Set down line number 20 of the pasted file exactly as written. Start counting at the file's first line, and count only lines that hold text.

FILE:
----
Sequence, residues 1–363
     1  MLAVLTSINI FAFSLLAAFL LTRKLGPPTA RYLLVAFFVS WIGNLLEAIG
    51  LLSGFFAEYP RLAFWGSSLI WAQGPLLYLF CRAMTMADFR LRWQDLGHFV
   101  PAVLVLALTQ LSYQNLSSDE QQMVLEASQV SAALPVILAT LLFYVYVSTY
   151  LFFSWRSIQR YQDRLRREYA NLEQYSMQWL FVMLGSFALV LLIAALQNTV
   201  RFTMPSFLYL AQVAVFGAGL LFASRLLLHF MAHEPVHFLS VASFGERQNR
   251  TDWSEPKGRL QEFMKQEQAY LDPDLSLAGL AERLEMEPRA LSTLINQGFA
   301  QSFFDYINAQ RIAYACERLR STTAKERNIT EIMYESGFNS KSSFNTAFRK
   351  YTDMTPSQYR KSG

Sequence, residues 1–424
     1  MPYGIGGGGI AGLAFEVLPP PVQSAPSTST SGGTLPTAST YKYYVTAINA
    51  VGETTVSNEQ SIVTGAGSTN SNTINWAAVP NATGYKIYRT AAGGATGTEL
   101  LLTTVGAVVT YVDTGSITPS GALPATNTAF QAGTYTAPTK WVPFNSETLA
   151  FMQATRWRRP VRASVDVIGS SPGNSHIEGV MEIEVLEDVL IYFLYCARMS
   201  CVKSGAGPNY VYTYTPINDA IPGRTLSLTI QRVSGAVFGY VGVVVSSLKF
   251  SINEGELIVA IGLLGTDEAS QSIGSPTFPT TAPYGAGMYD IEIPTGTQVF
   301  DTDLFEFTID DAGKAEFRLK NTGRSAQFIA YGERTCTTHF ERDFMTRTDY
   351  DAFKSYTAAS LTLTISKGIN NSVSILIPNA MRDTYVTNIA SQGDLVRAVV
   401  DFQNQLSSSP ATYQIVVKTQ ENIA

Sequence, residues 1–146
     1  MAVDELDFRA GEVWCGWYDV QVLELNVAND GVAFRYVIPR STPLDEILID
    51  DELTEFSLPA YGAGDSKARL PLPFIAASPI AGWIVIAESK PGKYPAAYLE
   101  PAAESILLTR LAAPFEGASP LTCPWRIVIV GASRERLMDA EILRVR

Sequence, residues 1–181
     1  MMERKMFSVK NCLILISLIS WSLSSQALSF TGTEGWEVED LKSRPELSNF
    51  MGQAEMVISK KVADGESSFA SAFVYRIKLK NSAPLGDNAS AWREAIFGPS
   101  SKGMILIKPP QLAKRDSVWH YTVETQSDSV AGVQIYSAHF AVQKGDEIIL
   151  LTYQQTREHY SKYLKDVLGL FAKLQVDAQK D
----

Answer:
Sequence, residues 1–146